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The Real Old Drover’s Road, Part 2

Famous Alexander Hotel at Alexander Station near the French Broad River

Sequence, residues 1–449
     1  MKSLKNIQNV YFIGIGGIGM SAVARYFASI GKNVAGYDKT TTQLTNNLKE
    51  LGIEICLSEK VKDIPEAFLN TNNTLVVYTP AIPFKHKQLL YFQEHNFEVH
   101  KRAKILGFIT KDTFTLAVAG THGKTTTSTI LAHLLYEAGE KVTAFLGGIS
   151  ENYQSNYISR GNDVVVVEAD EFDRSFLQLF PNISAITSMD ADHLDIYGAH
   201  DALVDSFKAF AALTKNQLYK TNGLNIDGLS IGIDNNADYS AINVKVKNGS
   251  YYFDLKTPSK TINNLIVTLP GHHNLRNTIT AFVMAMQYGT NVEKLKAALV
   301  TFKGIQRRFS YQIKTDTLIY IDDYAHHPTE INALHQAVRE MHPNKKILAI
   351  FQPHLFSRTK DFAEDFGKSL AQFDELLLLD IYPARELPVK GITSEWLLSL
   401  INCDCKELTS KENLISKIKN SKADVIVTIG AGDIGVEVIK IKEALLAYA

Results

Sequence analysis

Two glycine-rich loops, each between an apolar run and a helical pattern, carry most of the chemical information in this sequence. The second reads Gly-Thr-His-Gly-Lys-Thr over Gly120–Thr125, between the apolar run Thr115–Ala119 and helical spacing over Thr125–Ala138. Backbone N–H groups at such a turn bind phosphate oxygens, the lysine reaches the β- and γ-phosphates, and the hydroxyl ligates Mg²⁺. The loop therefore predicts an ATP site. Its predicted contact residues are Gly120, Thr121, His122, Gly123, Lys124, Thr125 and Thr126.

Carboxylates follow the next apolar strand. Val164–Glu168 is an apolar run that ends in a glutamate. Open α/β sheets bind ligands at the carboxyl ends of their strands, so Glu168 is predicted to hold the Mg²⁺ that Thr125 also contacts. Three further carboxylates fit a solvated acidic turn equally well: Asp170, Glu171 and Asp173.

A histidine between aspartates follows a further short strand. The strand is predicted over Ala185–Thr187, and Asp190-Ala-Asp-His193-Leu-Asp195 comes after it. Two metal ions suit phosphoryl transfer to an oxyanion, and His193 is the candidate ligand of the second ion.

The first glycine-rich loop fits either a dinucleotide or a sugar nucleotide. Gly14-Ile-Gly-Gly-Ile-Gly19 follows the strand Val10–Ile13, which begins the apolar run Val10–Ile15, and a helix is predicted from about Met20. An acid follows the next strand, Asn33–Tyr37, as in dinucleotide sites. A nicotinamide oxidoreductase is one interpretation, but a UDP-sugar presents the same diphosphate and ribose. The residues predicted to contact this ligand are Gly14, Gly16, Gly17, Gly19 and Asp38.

The amount of traffic on the old drover’s road peaked in the 1830s and 1840s. During this period of time some 150,000 hogs would pass through Asheville in both the months of November and December. Stands lined the French Broad River at intervals of eight miles. Eight miles was the normal speed for all the different types of livestock to be moved in one day. If they moved any faster their animals would lose too much weight which would reduce their selling price. The faster they moved, the more animals that would successfully escape into the woods. The people that lived along the drover’s road would often find hogs, turkeys, ducks and other livestock in the woods near the road that had escaped from their owner. Since it would be almost impossible to tell which one of the 100s of drovers they belonged to, locals would just take the animals home with them. This pretty much eliminated the need for a livestock market in Asheville. You wouldn’t have much luck bringing hogs to Asheville to sell when the residents were getting them for free.